Gross national happiness
By: Tom Purcell
By TOM PURCELL
Happiness is in the data. That doesn’t bode well for folks on the political left.
As it goes, Arthur Brooks, a Syracuse University economics professor and author of the new book “Gross National Happiness,” began mining happiness data back in his college days.
The prevailing wisdom then, Brooks told me, was that liberal folks were happier — that conservatives were close-minded, rigid and therefore less capable of happiness.
But as he dug through the data, he found the opposite to be true: Conservative Americans are nearly twice as likely to report being “very happy” as are liberals.
Why such a big happiness gap? Brooks said it has to do with worldview.
Conservatives hold more traditional values — faith, marriage, family, freedom, hard wor k. They believe in the individual and just want to be left alone. Like them or hate them, the traditional values they hold, the data show, are a source of happiness.
Liberals, on the other hand, are not as likely to marry, have children or go to church. They’re far more likely to feel exploited by others. Lacking control over one’s environment is a source of unhappiness.
Which ties into the presidential election.
Brooks said that both Hillary Clinton and Barack Obama have run campaigns based on grievance. Their appeal is to folks who feel victimized by social and economic forces — folks who want the government to impose more rules, regulations and mandates on the people who make them unhappy.
That’s not to say Republicans haven’t been guilty of a similar game.
Brooks is quick to point out that they, too, used the largess of the federal trough to promise voters goodies in return for their votes.
That’s the problem with elections.
“They’re based on the assumption of unhappiness,” he said. “Politicians focus on perceived wrongs rather than the things that are going well. Americans take for granted how well things really are going. Our economy may have slowed, but it is roaring compared to past economic downturns.”
Nonetheless we focus on the negative and our politicians stoke our unhappiness all the more. They bribe us with our own money, promising to expand the government to address the grievances that they promote.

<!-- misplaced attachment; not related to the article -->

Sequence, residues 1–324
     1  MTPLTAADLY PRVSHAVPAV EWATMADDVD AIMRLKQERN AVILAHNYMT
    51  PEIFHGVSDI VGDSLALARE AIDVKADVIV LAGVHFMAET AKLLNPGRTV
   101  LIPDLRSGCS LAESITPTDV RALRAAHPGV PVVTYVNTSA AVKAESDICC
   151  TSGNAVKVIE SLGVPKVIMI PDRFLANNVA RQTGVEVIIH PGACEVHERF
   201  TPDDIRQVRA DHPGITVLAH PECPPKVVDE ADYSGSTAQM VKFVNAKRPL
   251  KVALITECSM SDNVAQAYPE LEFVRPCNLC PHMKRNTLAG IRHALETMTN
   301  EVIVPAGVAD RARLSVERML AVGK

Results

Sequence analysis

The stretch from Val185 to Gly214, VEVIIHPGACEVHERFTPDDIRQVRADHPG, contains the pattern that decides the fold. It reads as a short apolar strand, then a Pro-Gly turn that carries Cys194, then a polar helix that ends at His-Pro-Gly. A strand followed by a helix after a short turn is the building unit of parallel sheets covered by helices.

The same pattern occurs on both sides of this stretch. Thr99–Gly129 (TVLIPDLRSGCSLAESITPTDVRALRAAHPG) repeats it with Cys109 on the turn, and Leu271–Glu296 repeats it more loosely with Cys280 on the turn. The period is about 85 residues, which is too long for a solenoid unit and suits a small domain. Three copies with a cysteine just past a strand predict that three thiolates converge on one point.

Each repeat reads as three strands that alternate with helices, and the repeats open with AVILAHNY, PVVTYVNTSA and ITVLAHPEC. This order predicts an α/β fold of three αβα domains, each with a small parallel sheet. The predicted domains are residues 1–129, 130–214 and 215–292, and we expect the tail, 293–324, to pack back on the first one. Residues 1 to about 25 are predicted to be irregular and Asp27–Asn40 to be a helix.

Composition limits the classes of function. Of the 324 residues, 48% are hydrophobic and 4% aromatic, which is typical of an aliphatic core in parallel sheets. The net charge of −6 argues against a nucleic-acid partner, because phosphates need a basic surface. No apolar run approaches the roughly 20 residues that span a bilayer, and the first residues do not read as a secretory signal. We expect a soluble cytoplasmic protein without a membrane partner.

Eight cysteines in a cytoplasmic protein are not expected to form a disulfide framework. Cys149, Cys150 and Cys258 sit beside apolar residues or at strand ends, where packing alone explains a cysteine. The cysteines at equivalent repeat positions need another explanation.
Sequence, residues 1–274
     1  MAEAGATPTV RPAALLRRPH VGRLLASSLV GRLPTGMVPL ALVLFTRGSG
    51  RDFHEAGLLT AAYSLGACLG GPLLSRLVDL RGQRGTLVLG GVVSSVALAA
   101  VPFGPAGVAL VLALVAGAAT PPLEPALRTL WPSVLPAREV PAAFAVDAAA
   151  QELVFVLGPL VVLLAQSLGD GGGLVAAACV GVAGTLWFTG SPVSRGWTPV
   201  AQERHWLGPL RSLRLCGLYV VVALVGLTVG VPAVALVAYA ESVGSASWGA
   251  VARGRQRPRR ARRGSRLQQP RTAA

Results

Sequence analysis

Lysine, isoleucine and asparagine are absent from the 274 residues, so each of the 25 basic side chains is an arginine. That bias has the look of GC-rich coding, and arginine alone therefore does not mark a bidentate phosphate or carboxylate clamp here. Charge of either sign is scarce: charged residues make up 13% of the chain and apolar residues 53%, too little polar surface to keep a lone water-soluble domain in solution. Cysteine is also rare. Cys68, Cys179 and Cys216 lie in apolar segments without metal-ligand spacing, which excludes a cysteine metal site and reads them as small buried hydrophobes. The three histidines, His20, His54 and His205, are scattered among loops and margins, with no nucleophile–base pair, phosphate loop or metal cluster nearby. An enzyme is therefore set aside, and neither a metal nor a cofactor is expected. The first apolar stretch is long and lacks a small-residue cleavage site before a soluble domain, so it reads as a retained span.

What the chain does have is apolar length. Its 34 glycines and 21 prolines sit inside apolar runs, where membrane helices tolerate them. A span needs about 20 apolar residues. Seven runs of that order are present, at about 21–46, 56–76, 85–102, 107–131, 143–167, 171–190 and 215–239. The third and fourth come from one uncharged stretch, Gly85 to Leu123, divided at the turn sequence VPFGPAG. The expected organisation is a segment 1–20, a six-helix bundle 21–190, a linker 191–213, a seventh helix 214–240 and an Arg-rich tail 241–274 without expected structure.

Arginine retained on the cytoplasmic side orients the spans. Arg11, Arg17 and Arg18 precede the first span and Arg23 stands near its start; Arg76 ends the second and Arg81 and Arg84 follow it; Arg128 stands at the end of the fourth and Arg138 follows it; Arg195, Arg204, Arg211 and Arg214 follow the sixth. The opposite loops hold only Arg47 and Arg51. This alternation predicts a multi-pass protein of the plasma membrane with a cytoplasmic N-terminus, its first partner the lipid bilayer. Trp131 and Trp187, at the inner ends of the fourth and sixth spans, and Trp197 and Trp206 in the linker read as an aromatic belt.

But we ought to be careful what we wish for.
As our government grows, you see, our freedom decreases, and one of the greatest sources of happiness is freedom — something else we take for granted in a country founded on the concept.
In any event, happiness is something to think about before you pull a lever in the voting booth. It’s really this simple:
If you have a hopeful view of the future and wish to unleash the creativity and enthusiasm of the American spirit — if you want the government to stop taking so much of your money and stop meddling so much in everybody’s lives — well, you’re out of luck.
Sure, libertarian Ron Paul is promising to clamp down on government, but he doesn’t stand a chance this fall. The only option is McCain, who is promising not to raise taxes or meddle with things as much as the Democrats.
And if you are pessimistic and believe that a free society allows nasty capitalists to exploit you and make you miserable, vote for Obama or Hillary.
They promise to expand the reach of the federal government into every corner — they promise to monitor, intervene and punish.
But as the data show, more government equals less freedom and in the end you’ll be made even less happy.
Obama gave us a perfect example. He knows that every time the capital gains tax is lowered, the government ends up receiving more revenue — this is because the lower rate gives more folks the incentive to risk their dough. And when they profit, so does the government.
Obama promises to raise the capital gains tax anyhow — he promises to punish citizens and the government and ultimately slow down economic growth — because doing so would be “fair.”
Yeah, that’s what we need more of: politicians and the government, not individuals, deciding what is fair in America.
That ought to make you happy.
Tom Purcell is a humor columnist nationally syndicated exclusively by Cagle Cartoons. For more info contact Cari Dawson Bartley at firstname.lastname@example.org or call 800 696 7561. Visit Tom on the web at www.TomPurcell.com or e-mail him at Purcell@caglecartoons.com.
Published in The Messenger 5.1-08